College dedicates comprehensive resource for student veterans
Pennsylvania College of Technology recently dedicated its Veterans & Military Resource Center, choosing a solemn weekend of remembrance to invoke the memory of an impressive “fellow soldier.”
Named the Major General Fred F. Marty, USA Retired, Veterans and Military Resource Center — and made possible through the generosity of Marty’s son, Patrick, and family — the facility will provide a site for veteran and active-duty students to gather, collaborate, study and discuss their military benefits with campus mentors.
“For over 100 years, this institution’s focus on applied technology education has been synonymous with a commitment to veterans,” President Davie Jane Gilmour said. “A commitment to providing access to educational opportunities for veterans is woven into the very fabric of Penn College and its predecessors.”
The college is home to 363 veteran students, 71 enrollees who continue to serve in all branches and 20 ROTC participants.
The unwavering appreciation for their service is reflected across campus, the president said, including nine scholarships specifically for veterans, with a 10th the Patriot Scholarship — quickly building toward endowment. Still, student veterans with whom she regularly meets had repeatedly noted the lack of designated meeting space.
“It gives me great pride to stand before you today to announce creation of a new campus resource center,” the president said, prior to public tours.
The center was formerly housed within the college’s Financial Aid Office and has been moved into more spacious quarters down the hall in the Student & Administrative Services Center, including a common office for ROTC personnel and Chet Beaver, a 25-year Army veteran and coordinator of veteran and military services.
“It has been my experience that veterans are a humble lot, selflessly serving and asking nothing in return,” she said. The resume of the man being honored, however — a man she knew simply as “Fred” — cried out to set humility aside for the day.
His three decades of military service, beginning in 1963, included two tours of duty in Vietnam and four in Germany, commanding field artillery units at every echelon, from battery through corps artillery. His ultimate assignments before retiring in 1992 were as commanding general of Fort Sill, Oklahoma, and concurrent service as commandant of the U.S. Field Artillery School and as the Army’s chief of field artillery.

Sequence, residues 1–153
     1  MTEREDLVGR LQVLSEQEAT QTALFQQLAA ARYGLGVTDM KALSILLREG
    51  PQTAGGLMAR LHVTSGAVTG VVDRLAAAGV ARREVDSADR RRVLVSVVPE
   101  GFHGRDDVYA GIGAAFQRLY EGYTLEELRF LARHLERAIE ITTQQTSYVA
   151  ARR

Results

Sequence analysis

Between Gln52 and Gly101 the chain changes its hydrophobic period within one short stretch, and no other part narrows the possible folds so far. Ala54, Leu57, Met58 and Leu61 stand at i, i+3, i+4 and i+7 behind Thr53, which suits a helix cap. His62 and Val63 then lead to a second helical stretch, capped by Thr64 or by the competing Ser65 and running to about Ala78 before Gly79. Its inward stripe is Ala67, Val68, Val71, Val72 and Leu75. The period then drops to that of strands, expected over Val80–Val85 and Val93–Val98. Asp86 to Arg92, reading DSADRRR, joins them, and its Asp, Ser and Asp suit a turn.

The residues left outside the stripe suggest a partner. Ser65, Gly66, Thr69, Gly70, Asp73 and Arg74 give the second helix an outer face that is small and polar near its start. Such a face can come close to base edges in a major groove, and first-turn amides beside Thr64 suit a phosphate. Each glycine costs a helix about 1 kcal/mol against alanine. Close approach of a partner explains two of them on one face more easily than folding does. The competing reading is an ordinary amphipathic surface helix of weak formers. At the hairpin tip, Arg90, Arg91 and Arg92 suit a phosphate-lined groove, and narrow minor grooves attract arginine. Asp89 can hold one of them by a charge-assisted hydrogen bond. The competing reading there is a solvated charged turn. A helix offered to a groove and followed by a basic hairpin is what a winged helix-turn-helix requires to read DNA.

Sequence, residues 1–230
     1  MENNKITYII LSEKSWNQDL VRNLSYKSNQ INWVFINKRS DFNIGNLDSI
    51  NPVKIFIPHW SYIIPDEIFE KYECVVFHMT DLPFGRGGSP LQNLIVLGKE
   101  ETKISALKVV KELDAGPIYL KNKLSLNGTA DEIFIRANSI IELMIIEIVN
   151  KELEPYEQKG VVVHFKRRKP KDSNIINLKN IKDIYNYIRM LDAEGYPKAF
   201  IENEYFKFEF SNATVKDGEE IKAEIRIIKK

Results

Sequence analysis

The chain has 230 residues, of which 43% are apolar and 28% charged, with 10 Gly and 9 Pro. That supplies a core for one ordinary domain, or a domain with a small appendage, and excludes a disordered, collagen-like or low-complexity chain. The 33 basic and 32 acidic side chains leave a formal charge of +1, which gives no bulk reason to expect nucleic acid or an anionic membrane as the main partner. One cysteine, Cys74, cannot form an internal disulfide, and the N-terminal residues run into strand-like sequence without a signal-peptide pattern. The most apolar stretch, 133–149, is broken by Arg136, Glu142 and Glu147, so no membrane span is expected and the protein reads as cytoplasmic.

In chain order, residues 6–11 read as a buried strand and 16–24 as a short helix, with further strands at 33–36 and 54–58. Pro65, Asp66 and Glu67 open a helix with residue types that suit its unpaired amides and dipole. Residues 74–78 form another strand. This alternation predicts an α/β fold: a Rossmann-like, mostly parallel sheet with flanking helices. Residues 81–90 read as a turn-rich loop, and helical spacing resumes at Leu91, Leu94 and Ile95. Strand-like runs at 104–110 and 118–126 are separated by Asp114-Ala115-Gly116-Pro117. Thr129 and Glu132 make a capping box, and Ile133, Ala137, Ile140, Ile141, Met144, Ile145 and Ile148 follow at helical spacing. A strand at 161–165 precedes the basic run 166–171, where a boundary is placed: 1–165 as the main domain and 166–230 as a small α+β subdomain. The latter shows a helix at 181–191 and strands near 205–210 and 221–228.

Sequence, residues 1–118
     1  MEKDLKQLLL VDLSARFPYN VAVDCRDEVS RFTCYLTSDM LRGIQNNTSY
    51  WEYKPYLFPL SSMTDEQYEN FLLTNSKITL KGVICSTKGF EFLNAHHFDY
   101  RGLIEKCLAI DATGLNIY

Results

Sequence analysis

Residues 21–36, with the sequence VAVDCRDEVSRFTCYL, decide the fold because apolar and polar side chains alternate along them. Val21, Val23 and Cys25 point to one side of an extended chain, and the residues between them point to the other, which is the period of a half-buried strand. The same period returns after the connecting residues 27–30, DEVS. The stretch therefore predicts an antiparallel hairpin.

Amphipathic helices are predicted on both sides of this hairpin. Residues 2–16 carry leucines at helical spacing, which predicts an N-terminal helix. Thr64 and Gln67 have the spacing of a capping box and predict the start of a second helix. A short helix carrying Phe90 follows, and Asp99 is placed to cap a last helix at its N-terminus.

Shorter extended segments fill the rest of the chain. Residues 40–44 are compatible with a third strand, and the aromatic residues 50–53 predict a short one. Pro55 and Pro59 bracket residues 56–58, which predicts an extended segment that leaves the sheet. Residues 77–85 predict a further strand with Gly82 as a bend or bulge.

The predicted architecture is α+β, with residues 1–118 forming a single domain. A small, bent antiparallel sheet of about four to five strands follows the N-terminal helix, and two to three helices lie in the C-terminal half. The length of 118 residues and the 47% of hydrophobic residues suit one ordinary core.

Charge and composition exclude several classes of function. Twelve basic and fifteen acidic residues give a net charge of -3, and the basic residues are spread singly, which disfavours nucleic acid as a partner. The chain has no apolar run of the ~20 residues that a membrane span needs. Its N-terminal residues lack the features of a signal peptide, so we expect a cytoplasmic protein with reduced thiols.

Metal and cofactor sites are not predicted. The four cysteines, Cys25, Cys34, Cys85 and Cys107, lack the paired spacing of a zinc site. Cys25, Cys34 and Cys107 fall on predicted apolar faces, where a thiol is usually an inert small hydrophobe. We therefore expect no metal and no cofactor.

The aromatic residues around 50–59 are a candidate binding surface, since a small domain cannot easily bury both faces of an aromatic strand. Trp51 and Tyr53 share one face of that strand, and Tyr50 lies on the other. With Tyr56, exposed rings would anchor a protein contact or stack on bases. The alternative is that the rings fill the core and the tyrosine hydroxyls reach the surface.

He was highly decorated throughout his military career, receiving (among numerous commendations) the Distinguished Service Medal, the Army’s highest peacetime award.
“No matter how you knew him, you simply knew that you had his support, trust and wise counsel,” the younger Marty, vice president for college relations, said of his father. “Whether you were working for him, along with him or just because he was your friend — and especially if you were a soldier.”
Leaving the military brought more transition than time off, as Maj. Gen. Marty began a second career in public service at his Missouri State University alma mater. His son recalled him saying, “Being around young people keeps you young. If I’m not going to be around soldiers, I’ll be around students.”
The ensuing retirement years brought a variety of vocational responsibilities: Among them were as executive director for the Generations Sports Complex under development near Pennsdale in 2006, Lycoming County’s director of administration/chief clerk in 2007, and a return to Springfield, Missouri, as deputy city manager from 2010-13. He died in November 2013 at age 71.
Also taking part in the dedication were Regina M. Peluzzo, a civil engineering technology major and member of the Pennsylvania Air National Guard, who said the college’s accommodations made for a “worry-free” return to academics after her service in Jordan and Qatar; a color guard of ROTC cadets from Bison Batallion, comprising Penn College and four other institutions; and state Sen. Gene Yaw, chair of the college’s board of directors, who worked with Maj. Gen. Marty in Lycoming County government and said he was “proud to be associated with his name and his spirit.”
An American flag was donated to the center by LeRoy O. Buck Veterans of Foreign Wars Post 7863, DuBoistown.
For more about Penn College, a national leader in applied technology education and workforce development, visit www.pct.edu, email email@example.com or call 800-367-9222.